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Issue 17 Out Now

Has Hollywood finally realized the value of the Black dollar?


Photo Credit- Black Youth Project


Many of us can agree on the Black dollar aspect holding a massive amount of value within Hollywood. Take “Black Panther” as an example; so many people, specifically Black people, packed out theaters, stood in line, and showed a great amount of love to this film, making it 1.3 billion in the box office.

“The U.S. movie and television industry (not including sports or reality programming) is estimated by McKinsey to bring in $148 billion annually and could increase annual revenue by 7% or about $10 billion a year by improving Black representation on-set and on-screen” according to Forbes. This recent study shows how Hollywood could benefit greatly if it had proper representation within the industry.

Black people must be represented from various spectrums, including dark skin representation, plus-sized representation, and LGBTQ+ representation. Often when we turn on our TVs, whether Netflix, primetime, or other streaming services, we cannot see ourselves as a variety.

“In movies, Black representation roughly reflects the demographic makeup of the U.S. population (13.4% Black), but Black talent only makes up 11% of leading movie roles and are often limited to projects related to their race, which see less investment” according to Forbes. As we read more studies like this, Hollywood is doing a deep disservice by not supporting and investing in Black actors and projects because they do not appreciate or see the Black dollar value.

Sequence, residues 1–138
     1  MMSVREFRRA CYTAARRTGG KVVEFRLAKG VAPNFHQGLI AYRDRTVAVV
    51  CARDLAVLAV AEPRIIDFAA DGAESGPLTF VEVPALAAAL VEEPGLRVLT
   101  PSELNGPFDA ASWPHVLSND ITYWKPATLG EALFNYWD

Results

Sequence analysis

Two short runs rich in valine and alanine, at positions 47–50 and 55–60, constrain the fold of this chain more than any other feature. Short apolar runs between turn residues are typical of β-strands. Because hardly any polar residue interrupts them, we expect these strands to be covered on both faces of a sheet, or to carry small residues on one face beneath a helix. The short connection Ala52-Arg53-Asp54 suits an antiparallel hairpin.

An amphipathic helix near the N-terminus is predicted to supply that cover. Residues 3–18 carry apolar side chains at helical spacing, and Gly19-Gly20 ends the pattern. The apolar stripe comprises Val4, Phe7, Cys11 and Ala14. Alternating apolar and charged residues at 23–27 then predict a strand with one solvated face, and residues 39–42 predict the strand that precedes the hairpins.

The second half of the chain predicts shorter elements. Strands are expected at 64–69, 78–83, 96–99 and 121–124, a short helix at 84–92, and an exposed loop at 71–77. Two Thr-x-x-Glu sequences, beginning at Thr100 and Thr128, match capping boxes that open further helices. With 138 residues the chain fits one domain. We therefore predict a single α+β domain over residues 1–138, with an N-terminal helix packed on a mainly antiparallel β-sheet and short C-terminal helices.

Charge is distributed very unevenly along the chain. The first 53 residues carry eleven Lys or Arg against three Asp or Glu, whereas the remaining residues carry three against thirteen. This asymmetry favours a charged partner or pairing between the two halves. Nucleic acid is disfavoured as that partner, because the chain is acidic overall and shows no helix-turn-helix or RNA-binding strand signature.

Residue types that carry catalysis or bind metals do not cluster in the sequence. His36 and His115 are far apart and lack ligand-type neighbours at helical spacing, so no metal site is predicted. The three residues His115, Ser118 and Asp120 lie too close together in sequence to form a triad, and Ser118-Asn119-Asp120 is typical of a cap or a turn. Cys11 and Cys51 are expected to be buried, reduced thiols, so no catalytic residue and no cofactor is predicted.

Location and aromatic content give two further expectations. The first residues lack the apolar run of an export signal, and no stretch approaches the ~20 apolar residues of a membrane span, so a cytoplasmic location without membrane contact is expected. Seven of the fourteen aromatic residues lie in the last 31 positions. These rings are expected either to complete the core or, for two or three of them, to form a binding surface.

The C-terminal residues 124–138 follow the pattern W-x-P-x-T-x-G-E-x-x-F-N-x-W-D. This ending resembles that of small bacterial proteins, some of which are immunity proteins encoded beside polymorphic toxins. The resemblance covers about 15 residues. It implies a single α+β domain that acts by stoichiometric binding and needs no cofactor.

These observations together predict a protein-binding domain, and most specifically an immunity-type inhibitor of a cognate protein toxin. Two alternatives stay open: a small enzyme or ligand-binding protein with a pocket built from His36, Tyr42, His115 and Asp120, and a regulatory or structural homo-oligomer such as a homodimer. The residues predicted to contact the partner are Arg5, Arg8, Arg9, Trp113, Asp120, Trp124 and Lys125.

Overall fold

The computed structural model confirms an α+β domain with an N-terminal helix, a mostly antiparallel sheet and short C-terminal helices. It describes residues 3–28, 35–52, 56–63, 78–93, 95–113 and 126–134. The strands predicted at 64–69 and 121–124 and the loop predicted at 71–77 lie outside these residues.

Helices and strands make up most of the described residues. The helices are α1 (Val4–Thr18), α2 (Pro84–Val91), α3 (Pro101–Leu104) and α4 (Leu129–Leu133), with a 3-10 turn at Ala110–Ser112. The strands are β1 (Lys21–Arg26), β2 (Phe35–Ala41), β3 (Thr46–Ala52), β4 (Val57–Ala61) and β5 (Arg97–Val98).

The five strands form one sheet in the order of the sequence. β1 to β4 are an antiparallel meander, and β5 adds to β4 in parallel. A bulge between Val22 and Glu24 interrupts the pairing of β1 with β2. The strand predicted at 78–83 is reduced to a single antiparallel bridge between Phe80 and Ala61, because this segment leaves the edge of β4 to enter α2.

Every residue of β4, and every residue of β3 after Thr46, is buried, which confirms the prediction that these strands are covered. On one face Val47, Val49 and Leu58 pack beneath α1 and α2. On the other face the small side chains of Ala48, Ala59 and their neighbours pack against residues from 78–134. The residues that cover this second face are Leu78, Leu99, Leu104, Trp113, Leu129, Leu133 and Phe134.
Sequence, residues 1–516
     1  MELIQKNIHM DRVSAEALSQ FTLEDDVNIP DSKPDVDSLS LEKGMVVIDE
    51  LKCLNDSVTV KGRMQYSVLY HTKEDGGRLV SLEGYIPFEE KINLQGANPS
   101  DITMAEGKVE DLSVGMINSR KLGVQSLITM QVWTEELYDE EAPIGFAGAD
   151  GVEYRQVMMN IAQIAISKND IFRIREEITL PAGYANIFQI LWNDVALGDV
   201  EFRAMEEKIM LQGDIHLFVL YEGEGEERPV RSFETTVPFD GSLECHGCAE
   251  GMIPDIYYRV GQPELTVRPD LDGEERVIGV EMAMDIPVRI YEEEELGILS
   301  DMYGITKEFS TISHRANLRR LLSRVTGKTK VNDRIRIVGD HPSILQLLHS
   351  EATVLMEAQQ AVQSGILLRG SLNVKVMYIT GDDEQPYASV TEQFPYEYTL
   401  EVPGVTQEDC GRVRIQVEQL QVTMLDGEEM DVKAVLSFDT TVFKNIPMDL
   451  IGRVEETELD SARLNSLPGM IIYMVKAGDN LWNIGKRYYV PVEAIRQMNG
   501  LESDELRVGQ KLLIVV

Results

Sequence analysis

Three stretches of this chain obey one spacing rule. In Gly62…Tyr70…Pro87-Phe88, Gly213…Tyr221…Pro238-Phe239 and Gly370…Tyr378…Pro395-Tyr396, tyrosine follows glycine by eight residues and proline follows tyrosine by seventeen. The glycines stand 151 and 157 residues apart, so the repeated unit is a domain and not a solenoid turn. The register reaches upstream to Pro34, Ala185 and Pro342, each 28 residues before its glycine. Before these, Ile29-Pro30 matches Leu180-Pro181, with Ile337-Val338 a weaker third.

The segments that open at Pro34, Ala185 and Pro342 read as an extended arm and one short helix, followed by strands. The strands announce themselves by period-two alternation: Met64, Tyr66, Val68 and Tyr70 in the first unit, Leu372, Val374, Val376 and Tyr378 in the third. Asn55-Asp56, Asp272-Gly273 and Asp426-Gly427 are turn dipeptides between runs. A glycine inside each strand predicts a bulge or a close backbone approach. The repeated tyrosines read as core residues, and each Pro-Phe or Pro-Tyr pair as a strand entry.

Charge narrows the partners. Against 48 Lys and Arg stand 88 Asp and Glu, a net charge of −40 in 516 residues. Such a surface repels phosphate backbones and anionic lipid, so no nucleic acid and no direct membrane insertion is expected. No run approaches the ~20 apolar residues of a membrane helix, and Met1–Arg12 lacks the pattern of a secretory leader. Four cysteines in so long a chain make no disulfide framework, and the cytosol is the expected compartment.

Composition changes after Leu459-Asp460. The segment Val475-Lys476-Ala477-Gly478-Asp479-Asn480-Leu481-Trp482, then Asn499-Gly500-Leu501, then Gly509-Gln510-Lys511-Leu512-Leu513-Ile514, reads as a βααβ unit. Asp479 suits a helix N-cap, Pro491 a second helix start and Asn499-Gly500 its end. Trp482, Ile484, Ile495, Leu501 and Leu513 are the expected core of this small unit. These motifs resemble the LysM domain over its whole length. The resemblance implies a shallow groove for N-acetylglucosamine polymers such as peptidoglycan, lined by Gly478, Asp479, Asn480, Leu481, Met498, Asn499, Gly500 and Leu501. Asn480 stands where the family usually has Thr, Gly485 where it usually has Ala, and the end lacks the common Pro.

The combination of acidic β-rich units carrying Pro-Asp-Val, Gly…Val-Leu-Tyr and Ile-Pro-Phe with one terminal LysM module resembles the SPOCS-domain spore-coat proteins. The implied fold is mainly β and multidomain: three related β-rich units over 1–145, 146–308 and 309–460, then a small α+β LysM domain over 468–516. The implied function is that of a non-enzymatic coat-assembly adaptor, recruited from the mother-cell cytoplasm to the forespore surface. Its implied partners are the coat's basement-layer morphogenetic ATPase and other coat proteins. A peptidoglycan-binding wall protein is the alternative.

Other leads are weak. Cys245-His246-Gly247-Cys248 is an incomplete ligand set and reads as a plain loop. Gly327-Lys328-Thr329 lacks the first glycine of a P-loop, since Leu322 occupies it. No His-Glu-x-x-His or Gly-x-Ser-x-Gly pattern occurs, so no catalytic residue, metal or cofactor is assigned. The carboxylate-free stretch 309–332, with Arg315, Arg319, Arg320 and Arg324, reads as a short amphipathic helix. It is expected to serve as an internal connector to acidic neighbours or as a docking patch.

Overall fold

“Support Black projects. Make more money. The math is right there,” said Hollywood showrunner LaToya Morgan, who has worked on hit series like The Walking Dead, Parenthood, and Shameless.

As a consumer who watches predominantly Black projects and films, there is a need for more representation for minorities within the entertainment industry. “In the midst of the nationwide reckoning with racism after George Floyd’s death in police custody last year, major Hollywood studios were quick to release statements of solidarity with Black people. However, critics say they have been slow to make institutional changes to benefit Black Hollywood creators,” according to Forbes.

Actions need to be applied to create change within the industry. This study gives hope to Black creatives within the film industry to not quit getting their opportunities within Hollywood because now everyone sees what is going on.

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